Renewables investment up in 2010—but mainly because of China

21 Jul 2011

Global investment in large-scale renewables jumped 32 percent in 2010, compared with 2009, a reason to be glad. But something that champions of green energy don’t point out is that, in the world outside of China, large-scale renewables investment actually fell.

My figures come from Bloomberg New Energy Finance, via the United Nations Environment Programme’s new report, “Global Trends in Renewable Energy Investment.”

China is deservedly proud of its meteoric rise in renewables investment, taking the top spot in 2010, above Germany and the U.S. However, if richer countries are going to come anywhere near replacing most fossil fuels with renewables, they are going to have to achieve consistent, high growth in renewables investments, as the International Energy Agency pointed out in April in their “Clean Energy Progress Report.”

Here’s another view on investment, which in this case includes small-scale projects—mainly residential solar.

(The UNEP report didn’t break down the numbers for small-scale renewables investment in the same way, so I had to group it differently—by developing vs developed countries. The large-scale projects are mainly wind, and small-scale investments are mainly residential solar.)

When including small-scale renewables, the picture looks more hopeful, since residential solar grew fast in 2010, with the capacity installed last year double of what it was in 2009. But overall investment in richer countries still grew only slowly, compared with what’s needed to achieve ambitious targets for cutting greenhouse gas emissions.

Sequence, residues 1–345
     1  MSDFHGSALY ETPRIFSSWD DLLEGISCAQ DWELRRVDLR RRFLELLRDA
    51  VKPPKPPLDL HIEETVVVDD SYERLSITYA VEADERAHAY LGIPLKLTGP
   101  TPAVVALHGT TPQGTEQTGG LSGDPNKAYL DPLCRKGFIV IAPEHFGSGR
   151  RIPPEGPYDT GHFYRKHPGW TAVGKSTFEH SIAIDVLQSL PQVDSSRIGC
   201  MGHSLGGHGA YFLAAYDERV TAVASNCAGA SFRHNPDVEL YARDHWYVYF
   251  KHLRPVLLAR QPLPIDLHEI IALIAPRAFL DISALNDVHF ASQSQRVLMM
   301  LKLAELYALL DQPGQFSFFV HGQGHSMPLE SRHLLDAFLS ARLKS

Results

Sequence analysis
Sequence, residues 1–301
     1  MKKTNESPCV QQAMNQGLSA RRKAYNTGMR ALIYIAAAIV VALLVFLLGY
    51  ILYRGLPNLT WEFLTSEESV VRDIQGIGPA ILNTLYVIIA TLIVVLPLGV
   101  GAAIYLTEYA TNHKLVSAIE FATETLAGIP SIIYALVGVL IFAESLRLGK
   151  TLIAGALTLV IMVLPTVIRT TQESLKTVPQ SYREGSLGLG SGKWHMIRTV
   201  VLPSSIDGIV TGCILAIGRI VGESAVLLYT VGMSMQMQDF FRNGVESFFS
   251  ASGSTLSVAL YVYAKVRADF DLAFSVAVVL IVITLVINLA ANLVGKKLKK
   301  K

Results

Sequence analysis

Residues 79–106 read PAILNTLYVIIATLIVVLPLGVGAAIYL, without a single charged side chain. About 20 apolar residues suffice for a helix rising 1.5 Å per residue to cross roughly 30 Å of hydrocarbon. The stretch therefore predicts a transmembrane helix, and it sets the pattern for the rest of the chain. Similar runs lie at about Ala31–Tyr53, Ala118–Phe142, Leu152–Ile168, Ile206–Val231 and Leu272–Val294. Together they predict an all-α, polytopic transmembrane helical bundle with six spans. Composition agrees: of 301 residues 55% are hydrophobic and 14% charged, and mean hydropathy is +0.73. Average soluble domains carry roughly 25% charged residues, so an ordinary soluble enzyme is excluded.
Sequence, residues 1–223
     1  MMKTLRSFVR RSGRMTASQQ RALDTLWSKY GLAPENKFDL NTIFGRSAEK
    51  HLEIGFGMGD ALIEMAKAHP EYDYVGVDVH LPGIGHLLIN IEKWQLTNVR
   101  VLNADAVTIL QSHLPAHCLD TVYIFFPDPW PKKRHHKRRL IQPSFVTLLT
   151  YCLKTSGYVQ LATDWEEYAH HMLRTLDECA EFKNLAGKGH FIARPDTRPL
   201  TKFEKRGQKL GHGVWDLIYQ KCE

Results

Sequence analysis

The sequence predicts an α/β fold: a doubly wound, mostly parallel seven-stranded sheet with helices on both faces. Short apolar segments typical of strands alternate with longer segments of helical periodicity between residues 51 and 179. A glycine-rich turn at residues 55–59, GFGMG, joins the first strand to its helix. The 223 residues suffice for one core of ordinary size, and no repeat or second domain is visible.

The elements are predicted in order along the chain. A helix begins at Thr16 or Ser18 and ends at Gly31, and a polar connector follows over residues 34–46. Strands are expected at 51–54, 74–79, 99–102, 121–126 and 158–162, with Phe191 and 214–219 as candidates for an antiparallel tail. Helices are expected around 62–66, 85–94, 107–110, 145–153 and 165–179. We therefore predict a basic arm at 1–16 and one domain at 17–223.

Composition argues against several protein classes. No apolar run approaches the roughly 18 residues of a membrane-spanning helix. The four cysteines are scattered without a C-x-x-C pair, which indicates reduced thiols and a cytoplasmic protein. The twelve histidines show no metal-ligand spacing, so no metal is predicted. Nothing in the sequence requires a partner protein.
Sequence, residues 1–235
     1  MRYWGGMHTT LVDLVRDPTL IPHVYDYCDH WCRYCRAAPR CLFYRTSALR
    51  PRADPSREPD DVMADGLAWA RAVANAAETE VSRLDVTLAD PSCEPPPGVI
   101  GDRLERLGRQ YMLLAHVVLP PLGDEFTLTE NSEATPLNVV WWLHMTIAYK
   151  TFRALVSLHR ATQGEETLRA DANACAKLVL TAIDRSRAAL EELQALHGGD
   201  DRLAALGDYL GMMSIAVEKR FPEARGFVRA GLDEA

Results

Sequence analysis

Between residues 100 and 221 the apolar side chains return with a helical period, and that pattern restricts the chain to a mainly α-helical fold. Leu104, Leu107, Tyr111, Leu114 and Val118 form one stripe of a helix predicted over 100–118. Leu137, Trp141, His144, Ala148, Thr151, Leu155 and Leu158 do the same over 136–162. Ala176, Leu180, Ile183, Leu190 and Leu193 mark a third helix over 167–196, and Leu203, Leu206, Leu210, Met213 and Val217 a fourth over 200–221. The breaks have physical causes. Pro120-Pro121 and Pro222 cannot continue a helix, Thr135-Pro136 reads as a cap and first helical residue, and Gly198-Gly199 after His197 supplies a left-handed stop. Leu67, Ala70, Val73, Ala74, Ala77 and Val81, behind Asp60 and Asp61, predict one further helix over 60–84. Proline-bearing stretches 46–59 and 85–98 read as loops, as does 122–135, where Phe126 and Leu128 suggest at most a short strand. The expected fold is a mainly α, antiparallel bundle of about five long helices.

If the recession of 2008-2009 was just a temporary slowdown and then growth were to get “back on track” again quickly, then I wouldn’t be too worried. But with the richer countries’ economies still very fragile, I think we could see weak growth in renewables as well for a while to come.

The big challenge, it seems to me, is how to make renewables grow quickly in a country even when the economy is ailing. That is, can we manage to continue with an unprecedented energy transition despite hard times?


books I've read on failure & grace

The World Without Us
The Last Oil Shock: A Survival Guide to the Imminent Extinction of Petroleum Man
A Paradise Built in Hell: The Extraordinary Communities That Arise in Disaster
Hell and High Water: Global Warming--the Solution and the Politics--and What We Should Do
The Worst Hard Time: The Untold Story of Those Who Survived the Great American Dust Bowl
The Tipping Point
Three Cups of Tea: One Man's Mission to Promote Peace... One School at a Time
The Upside of Down: Catastrophe, Creativity and the Renewal of Civilization
Out of Poverty: What Works When Traditional Approaches Fail
The Little Ice Age: How Climate Made History, 1300-1850
Confessions of an Eco-Sinner: Tracking Down the Sources of My Stuff
Deep Economy: The Wealth of Communities and the Durable Future
The Geography of Bliss: One Grump's Search for the Happiest Places in the World

Mason's favorite books »